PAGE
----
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Navigating the Healthcare AI Landscape: Insights from the HIMSS AI in Healthcare Forum 2023

Table of Content
Healthcare AI Adoption

In healthcare, artificial intelligence (AI) stands out as a transformative force. Hospitals and health systems worldwide are grappling with the decision to adopt AI and machine learning technologies. To shed light on this complex journey, Tom Hallisey, digital health strategy lead at the Healthcare Association of New York, is set to moderate a panel at the 2023 HIMSS AI in Healthcare Forum. The session, titled “A Strategic Guide to Incorporating AI into Your Healthcare Roadmap,” promises a comprehensive exploration of AI adoption best practices.

Defining the Problem: The First Critical Step

In a sneak preview of the upcoming session, Hallisey emphasizes the importance of identifying a specific, measurable goal at the outset of the AI journey. The key question to ask during the beginning phase is, “What problem are we trying to solve?” While AI tools offer a myriad of possibilities, success hinges on a clear objective. Hallisey cautions against the allure of implementing cutting-edge tools without a defined purpose, as such projects are more likely to falter.

Build, Buy, or Tweak: The AI-Specific Dilemma

Once a pilot idea is established, organizations face the crucial decision of whether to build, buy, or tweak an existing AI tool. This choice depends on internal capabilities, privacy and security concerns, scalability, and data/bias considerations. Hallisey underscores the necessity of a careful, measured approach to align the chosen tool with the intended value and organizational capabilities. Projects driven by the desire to showcase new AI capabilities, rather than addressing a specific need, are identified as high-risk ventures.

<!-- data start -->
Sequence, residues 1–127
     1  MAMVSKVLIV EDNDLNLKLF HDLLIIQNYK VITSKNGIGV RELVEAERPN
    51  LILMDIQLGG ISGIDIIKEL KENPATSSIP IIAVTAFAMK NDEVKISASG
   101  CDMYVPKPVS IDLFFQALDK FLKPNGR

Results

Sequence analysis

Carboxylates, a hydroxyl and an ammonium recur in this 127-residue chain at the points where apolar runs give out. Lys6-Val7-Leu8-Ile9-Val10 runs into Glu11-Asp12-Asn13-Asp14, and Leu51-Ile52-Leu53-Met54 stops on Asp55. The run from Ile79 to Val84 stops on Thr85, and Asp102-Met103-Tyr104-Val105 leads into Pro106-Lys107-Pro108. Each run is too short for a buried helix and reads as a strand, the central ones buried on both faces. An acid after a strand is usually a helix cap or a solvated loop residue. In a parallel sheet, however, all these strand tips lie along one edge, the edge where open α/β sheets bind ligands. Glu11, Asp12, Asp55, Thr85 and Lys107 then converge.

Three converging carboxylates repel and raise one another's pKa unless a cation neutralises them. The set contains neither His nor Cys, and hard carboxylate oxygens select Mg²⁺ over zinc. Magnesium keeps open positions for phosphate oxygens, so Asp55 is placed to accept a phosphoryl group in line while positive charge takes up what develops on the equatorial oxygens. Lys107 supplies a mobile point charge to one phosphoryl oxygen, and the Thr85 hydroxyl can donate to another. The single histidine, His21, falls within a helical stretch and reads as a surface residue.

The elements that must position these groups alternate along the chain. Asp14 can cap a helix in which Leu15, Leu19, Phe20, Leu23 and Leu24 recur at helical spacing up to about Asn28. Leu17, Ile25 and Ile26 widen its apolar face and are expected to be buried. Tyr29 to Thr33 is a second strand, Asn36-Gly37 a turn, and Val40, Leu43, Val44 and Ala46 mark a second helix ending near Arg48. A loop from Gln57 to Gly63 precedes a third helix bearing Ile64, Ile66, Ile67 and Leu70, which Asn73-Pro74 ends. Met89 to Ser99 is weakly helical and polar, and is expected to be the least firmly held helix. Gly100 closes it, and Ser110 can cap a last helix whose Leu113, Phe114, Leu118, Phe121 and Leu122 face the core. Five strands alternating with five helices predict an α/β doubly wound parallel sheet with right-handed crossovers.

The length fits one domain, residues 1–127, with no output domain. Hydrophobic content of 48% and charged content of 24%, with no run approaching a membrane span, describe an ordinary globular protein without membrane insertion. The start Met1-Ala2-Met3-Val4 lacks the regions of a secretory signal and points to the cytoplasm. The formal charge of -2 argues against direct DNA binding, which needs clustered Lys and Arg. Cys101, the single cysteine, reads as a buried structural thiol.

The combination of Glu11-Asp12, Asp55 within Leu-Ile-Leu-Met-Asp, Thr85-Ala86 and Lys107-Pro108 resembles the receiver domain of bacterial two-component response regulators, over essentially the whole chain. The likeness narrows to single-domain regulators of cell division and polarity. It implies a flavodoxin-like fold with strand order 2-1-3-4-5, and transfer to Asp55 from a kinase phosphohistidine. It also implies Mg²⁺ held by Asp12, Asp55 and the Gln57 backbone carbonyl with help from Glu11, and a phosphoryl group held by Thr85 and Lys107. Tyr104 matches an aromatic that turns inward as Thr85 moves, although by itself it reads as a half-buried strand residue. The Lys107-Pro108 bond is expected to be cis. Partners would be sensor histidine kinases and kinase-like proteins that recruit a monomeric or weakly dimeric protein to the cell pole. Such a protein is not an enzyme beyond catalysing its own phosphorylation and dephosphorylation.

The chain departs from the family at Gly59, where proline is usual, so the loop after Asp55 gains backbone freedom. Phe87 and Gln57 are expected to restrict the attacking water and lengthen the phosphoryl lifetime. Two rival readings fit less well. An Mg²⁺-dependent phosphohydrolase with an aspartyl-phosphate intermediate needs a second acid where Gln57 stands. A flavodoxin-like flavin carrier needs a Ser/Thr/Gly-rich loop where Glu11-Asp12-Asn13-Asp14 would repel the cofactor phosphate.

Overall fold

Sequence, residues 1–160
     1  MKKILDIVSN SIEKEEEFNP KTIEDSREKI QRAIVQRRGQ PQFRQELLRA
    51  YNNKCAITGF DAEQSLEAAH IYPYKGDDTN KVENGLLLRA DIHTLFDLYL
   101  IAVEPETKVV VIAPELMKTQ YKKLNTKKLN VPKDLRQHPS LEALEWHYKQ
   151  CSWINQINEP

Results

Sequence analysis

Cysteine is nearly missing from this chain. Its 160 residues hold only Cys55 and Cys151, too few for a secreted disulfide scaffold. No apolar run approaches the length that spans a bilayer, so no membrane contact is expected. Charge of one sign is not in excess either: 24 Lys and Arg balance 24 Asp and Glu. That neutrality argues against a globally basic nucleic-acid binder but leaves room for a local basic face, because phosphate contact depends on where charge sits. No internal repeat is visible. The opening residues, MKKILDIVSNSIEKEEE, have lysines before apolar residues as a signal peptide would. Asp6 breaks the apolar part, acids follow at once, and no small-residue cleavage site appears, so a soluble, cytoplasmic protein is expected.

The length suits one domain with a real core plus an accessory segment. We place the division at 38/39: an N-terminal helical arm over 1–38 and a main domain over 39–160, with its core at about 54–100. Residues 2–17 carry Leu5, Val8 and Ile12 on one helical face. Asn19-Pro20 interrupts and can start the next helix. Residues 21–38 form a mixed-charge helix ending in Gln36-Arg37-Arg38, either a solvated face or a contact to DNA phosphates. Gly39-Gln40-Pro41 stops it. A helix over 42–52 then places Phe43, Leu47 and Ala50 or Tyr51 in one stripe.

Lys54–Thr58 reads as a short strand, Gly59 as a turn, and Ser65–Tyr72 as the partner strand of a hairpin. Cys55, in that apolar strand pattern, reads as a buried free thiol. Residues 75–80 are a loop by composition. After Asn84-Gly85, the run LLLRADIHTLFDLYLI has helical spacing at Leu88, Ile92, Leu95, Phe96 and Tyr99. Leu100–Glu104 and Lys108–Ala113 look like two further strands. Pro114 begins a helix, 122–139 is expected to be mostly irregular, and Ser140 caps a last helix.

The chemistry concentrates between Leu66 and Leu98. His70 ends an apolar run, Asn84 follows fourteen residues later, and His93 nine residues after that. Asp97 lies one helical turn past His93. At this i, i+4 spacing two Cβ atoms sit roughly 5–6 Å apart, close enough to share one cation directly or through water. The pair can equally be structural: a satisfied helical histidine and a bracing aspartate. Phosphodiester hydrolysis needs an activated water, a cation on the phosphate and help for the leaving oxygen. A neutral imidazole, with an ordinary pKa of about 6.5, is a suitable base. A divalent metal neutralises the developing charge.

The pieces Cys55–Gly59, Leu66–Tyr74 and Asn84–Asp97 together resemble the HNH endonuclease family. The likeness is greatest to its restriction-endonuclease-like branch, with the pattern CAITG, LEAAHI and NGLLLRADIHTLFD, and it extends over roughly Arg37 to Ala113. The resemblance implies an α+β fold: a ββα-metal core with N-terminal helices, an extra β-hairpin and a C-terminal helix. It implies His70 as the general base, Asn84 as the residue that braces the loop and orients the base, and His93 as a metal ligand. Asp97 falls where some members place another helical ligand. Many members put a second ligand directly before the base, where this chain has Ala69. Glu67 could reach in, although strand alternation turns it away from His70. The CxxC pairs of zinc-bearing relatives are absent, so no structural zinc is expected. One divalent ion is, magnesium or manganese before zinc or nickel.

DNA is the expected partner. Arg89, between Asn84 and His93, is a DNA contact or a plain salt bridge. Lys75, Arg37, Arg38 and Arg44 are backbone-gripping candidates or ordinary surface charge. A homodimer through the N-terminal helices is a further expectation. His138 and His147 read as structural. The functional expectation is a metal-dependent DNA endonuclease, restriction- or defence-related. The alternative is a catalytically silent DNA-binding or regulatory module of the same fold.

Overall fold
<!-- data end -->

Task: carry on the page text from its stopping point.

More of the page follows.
Maximizing Impact: The Role of Committees and Diversity

To ensure AI investments yield maximum impact, Hallisey recommends the formation of a committee tasked with collecting and prioritizing ideas, guiding resource selections, and reviewing pilot results. The inclusion of a diverse group within this committee is crucial, as it brings varied perspectives that align with the multifaceted challenges of healthcare. Involving business units and end users in the decision-making process ensures that the technology addresses real-world problems and gains essential buy-in for success.

Long-Term Success: A Continuous Measurement Approach

AI tools in healthcare often face challenges in achieving long-term success due to their newness and evolving nature. Hallisey acknowledges the difficulty but stresses the need for continuous measurement and evaluation. Plans must be in place to monitor the results of each AI tool and intervention continually. Recognizing that what works in one context may not be applicable in another, and that AI tools may become obsolete over time, underscores the importance of ongoing assessment.

Navigating Change: Adapting to Shifting Data Landscapes

As AI tools, particularly large language models and clinical algorithms, continue to evolve, healthcare organizations must adapt to shifting data landscapes. Demographic changes, updates in data, and evolving interventions can impact the effectiveness of AI solutions. Hallisey suggests that plans should be flexible and capable of adapting to these changes. He references recent White House executive orders and proposed rules from the ONC as attempts to address concerns related to AI regulations in healthcare.

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